(Upto 2500 words, 10 references, 6 figures with a limit of 4 authors)

9. Letter to the Editor

Brief letters of constructive comments in response to previously published IDMJAR articles are welcome. Letters are edited, sometimes extensively, to sharpen their focus. They may be sent for peer review at the discretion of IDMJAR editors. Letters are selected based on clarity, significance, and space.
(Upto 1000 words, 10 references, 2 figures with a limit of 4 authors)


The journal publishes articles on its website immediately on acceptance and follows a ‘CONTINUOUS PUBLICATION’ schedule.

Editorial Review: 2-3 days from initial submission for internal review and to learn whether the manuscript will be rejected or sent out for peer review. Manuscripts with insufficient originality, serious scientific flaws, or absence of importance of message are rejected.

Peer Review process: 2 weeks until all the reviews are received and the editors make a decision on whether the paper should be accepted, revised, or rejected based on reviews. Most papers are sent to two or three referees, but some are sent to more. Although we make every effort to ensure manuscripts are assessed fairly, IDMJAR is not responsible for the conduct of its referees. Occasionally, the reviewers may not be able to complete the review process within the set deadline. However, the final review process will definitely be completed within 2 weeks.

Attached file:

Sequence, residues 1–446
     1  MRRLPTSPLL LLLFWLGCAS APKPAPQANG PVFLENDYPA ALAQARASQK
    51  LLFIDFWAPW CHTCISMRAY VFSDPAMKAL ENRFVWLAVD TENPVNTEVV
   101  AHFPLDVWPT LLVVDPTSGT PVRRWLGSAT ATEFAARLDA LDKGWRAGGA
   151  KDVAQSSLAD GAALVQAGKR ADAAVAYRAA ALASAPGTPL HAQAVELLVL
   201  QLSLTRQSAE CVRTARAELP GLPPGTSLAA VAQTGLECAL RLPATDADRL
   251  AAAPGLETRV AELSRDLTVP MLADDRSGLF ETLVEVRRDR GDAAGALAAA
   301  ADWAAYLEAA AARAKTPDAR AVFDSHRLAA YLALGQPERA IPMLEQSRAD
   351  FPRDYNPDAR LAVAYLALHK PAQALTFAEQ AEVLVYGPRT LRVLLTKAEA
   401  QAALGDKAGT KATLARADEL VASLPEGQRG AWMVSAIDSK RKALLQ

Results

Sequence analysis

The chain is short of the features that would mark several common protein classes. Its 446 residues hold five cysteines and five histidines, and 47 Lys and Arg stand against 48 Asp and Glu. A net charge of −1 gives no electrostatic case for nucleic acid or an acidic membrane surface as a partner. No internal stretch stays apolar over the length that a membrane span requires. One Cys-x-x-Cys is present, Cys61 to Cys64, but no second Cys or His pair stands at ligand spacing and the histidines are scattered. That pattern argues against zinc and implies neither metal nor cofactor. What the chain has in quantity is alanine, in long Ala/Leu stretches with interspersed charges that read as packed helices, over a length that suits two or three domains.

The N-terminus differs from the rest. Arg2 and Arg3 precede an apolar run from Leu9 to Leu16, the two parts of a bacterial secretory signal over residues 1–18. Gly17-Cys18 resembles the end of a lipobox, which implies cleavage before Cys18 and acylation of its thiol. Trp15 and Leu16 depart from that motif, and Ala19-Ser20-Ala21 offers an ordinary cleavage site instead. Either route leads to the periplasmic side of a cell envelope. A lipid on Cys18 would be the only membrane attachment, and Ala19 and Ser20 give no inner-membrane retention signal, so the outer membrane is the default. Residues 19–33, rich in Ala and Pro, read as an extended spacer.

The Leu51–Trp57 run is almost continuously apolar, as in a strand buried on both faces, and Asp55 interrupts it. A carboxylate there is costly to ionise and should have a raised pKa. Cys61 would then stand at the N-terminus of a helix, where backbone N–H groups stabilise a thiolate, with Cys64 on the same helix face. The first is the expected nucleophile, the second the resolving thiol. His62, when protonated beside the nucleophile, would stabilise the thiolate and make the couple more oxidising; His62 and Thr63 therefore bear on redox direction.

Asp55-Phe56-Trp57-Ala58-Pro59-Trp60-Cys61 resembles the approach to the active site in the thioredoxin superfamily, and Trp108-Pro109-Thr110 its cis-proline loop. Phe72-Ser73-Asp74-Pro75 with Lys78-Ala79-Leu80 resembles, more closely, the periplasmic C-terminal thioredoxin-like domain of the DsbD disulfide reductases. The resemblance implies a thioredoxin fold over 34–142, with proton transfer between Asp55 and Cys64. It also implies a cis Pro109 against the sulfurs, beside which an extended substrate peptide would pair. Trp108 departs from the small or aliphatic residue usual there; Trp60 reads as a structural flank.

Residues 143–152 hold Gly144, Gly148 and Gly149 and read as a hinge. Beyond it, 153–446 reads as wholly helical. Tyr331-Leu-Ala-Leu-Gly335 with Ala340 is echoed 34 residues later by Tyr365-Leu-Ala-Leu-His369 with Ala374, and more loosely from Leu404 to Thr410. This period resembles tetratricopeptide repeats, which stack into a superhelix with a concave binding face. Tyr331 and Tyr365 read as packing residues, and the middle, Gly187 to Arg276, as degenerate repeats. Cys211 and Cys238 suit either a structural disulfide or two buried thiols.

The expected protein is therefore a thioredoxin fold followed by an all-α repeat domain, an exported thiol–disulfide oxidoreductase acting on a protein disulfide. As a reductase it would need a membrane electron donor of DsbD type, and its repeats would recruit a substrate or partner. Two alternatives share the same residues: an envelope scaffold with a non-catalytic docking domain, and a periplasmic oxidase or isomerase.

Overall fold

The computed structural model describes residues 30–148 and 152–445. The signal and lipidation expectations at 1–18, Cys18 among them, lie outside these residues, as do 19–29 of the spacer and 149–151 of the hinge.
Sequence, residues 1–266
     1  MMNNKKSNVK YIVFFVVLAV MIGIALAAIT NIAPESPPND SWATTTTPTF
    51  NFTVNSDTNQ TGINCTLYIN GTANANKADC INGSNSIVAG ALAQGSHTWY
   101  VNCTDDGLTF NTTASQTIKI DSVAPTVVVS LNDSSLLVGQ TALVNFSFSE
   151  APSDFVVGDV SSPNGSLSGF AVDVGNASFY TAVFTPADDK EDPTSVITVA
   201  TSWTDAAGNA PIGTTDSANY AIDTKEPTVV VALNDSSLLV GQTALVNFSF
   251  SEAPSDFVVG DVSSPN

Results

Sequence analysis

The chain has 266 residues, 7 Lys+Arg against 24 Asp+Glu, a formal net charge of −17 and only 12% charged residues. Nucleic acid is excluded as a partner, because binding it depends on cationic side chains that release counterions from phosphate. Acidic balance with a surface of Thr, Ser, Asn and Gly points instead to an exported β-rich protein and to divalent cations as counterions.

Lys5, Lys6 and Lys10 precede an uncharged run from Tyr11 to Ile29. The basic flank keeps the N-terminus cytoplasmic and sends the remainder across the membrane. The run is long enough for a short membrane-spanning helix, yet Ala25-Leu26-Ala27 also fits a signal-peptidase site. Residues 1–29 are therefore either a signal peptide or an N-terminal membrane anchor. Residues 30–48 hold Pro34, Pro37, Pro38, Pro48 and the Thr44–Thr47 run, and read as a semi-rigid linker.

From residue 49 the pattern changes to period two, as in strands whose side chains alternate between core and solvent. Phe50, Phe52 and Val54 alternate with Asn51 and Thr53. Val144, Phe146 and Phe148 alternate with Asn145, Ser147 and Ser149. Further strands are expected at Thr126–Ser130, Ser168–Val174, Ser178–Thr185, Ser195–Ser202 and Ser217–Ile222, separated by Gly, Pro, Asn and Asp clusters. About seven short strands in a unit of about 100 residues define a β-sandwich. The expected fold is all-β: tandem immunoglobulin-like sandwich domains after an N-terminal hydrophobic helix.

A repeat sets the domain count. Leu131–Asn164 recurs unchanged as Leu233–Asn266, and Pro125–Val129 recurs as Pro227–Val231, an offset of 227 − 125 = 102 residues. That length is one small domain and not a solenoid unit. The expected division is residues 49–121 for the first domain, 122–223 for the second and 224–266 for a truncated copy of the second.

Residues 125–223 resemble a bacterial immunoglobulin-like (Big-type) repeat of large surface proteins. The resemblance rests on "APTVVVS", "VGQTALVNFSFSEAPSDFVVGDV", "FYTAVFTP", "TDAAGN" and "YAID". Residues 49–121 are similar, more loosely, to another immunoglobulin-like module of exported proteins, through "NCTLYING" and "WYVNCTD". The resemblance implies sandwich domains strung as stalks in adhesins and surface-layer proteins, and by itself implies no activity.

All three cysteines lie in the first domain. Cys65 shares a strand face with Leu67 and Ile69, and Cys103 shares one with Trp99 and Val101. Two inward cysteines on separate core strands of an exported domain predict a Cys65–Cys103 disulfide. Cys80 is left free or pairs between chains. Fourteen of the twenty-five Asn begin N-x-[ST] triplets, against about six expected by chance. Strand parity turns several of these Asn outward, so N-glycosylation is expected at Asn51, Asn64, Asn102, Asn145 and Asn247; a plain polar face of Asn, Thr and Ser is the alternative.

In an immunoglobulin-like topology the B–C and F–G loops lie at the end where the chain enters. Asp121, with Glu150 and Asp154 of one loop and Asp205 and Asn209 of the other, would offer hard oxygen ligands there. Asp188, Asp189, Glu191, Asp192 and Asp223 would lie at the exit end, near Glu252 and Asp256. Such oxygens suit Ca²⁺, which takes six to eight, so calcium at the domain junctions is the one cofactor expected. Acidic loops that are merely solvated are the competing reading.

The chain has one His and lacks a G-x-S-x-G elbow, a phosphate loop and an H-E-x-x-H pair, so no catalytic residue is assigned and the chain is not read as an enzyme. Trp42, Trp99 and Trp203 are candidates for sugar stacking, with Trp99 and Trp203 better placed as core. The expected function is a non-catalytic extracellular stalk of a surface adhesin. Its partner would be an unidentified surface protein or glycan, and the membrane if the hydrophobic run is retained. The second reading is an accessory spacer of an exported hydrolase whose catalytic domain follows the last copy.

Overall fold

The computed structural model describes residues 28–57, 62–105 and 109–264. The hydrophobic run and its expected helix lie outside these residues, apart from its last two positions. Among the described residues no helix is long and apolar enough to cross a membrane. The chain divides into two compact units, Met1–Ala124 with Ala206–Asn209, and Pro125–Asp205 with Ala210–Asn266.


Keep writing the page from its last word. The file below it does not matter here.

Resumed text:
Revision: The revised version of the manuscript should be submitted within 3 days. However, there is no need to submit the “First Page” or “Copyright form” file while submitting a revised version. Please note that submission of a revised manuscript does not guarantee its acceptance by the journal. If we do not hear from you within this period, we will consider it your non-desire to continue the article with us and withdraw the manuscript.

Decision: 15 days (2 weeks on average) or less for final decision of provisional acceptance/rejection.

After Acceptance – Pre Proof - Copyediting

Once a manuscript has been accepted for publication and completed English editing, authors will receive a copyedited word document for technical and language check. It is the responsibility of the corresponding author to resubmit this copyedited file after desirable changes.